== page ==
A FAMILY who moved from Chester to the United States earlier this summer were forced to flee their home as Hurricane Irene tore across the East Coast.
Patty and Tony McHugh were told to evacuate their house on Long Beach Island, off the south coast of New Jersey, as the 600-mile wide storm approached on Friday.
The couple had returned to the States in July after four years in Chester, where Tony worked as a chemical plant site manager in Ellesmere Port and sons Ethan, seven, and Connor, five, attended Mickle Trafford Village School.
“It’s funny, when we were coming back to the States, I would always say that the only thing I really missed was the sunshine and that New Jersey was a great place because, although we could have cold, snowy rivers, we didn’t have tornadoes, earthquakes or hurricanes,” said Patty.
The family had been following the hurricane’s progress for several days.
“By midweek we were getting very nervous for what it would mean for us on a barrier island on the coast,” said Patty.
“Storms in the 30s or 40s devastated the island, taking entire homes out, even splitting the island in some spots where the water from the bay met the ocean.”
Before the family left, Tony boarded the house’s windows and doors and shifted as many belongings as possible to the first floor.
“Our house is about three feet above the ground, but if there was something called a storm surge – which they were predicting could be eight to 10 feet – our house could have several feet of water in it,” said Patty.
“We prayed that the big maple trees we have behind the house would not blow over and crush our house.”
The family took shelter in Patty’s parents’ house in Tuckerton, on mainland New Jersey.
“Then we waited and waited. This was really in hindsight the worst part. It seemed like forever,” said Patty.
Tuckerton escaped the brunt of the hurricane’s force on Saturday night, although wind speeds reached 70mph.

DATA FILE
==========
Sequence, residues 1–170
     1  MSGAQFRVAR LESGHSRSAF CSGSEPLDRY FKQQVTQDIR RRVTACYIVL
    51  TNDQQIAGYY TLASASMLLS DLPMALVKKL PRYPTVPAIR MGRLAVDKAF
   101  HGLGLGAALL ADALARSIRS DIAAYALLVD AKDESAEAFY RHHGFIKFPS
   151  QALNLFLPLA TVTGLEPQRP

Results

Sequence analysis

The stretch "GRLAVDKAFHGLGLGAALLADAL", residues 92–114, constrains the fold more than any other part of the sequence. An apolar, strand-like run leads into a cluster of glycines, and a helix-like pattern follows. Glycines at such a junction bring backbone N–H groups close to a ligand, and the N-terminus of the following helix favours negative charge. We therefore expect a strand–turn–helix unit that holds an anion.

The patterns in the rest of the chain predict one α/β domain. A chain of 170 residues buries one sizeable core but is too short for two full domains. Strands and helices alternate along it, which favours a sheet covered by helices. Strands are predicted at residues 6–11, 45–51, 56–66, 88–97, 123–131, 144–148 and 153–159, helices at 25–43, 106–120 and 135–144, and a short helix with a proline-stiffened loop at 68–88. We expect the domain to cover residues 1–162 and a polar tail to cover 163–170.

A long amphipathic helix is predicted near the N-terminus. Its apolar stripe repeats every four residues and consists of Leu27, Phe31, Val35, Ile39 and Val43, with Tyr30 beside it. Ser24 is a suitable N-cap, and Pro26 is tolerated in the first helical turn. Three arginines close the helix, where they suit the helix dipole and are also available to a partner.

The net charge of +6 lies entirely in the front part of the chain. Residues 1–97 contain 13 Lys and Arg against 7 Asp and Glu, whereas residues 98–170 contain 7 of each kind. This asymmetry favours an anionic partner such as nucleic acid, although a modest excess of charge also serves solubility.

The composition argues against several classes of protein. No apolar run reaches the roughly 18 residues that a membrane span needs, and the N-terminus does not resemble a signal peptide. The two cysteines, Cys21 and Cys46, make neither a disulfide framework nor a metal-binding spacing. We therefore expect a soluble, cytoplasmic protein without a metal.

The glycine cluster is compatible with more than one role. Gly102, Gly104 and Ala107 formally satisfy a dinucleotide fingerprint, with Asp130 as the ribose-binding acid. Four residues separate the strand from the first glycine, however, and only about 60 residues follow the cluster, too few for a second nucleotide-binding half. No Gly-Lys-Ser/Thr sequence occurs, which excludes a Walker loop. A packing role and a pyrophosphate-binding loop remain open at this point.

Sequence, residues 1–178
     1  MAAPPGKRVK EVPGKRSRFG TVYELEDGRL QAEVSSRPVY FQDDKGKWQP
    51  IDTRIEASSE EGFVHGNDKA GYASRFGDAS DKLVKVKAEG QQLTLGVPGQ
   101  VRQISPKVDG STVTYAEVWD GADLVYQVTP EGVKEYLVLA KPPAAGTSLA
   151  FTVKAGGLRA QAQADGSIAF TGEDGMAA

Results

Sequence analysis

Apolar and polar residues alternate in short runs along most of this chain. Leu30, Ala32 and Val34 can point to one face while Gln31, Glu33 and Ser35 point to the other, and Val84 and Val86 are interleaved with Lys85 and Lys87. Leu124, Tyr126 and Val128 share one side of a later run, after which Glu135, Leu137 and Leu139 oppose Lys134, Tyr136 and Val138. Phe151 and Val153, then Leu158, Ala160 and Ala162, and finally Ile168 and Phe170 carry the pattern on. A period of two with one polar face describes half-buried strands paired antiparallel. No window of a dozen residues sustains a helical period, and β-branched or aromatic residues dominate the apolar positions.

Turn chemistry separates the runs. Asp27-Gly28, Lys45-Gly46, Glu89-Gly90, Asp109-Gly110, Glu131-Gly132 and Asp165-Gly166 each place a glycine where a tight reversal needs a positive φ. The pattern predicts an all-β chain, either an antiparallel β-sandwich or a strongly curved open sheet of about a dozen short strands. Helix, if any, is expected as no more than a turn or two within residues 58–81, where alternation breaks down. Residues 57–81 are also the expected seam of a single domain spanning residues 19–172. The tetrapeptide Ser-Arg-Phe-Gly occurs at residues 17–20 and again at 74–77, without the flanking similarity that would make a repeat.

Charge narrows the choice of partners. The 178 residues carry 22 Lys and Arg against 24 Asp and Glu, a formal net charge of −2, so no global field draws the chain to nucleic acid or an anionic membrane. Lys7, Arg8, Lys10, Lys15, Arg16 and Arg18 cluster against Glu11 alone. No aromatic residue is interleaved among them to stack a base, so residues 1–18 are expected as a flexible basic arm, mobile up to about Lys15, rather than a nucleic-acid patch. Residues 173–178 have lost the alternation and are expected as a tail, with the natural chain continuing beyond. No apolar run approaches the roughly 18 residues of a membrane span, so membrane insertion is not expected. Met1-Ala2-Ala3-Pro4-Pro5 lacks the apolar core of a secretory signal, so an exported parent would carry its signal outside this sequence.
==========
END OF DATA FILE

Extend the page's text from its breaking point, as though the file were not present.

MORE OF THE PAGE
“The kids were amazingly unphased by the whole thing – they were happy to be at Grandma’s playing video games and watching TV and really just wondering what all the fuss was about.”
On Sunday morning, the family heard the hurricane had hit Long Beach Island as predicted. Tony and Patty were allowed to return that afternoon.
“There was quite a bit of debris on the road and the beaches were beat up horribly. The dune fences were torn up and it looks like a couple of feet were gouged out of the beaches.”
Although the family’s house was not seriously damaged, Patty’s siblings were less fortunate.
“My sisters and brothers all live up north and all their basements flooded and they lost power – my sister for several days,” she said.
Hurricane Irene reached speeds of 120mph on its course from the Caribbean to Canada, killing more than 40 people and causing billions of dollars of damage.
“One thing I can say about all this is that it is amazing how people do pull together in a time of crisis,” added Patty.
“Everybody was helping to prepare for the hurricane and on Facebook everyone was keeping in touch and watching to know how everyone was doing. It was a really wonderful thing and shows the humanity in everybody.”